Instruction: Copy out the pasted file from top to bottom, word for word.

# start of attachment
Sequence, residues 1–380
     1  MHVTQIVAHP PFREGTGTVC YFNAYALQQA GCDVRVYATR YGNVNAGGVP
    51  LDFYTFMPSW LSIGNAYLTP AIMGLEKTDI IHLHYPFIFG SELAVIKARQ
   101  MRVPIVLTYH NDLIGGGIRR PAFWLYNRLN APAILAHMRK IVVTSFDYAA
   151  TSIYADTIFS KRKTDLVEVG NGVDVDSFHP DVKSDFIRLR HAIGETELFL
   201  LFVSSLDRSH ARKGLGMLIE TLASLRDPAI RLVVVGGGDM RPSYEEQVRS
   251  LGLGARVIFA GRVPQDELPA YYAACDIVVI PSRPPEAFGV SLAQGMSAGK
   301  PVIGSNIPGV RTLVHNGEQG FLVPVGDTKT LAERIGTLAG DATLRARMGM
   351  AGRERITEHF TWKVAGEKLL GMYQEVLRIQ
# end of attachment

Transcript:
Sequence, residues 1–380
     1  MHVTQIVAHP PFREGTGTVC YFNAYALQQA GCDVRVYATR YGNVNAGGVP
    51  LDFYTFMPSW LSIGNAYLTP AIMGLEKTDI IHLHYPFIFG SELAVIKARQ
   101  MRVPIVLTYH NDLIGGGIRR PAFWLYNRLN APAILAHMRK IVVTSFDYAA
   151  TSIYADTIFS KRKTDLVEVG NGVDVDSFHP DVKSDFIRLR HAIGETELFL
   201  LFVSSLDRSH ARKGLGMLIE TLASLRDPAI RLVVVGGGDM RPSYEEQVRS
   251  LGLGARVIFA GRVPQDELPA YYAACDIVVI PSRPPEAFGV SLAQGMSAGK
   301  PVIGSNIPGV RTLVHNGEQG FLVPVGDTKT LAERIGTLAG DATLRARMGM
   351  AGRERITEHF TWKVAGEKLL GMYQEVLRIQ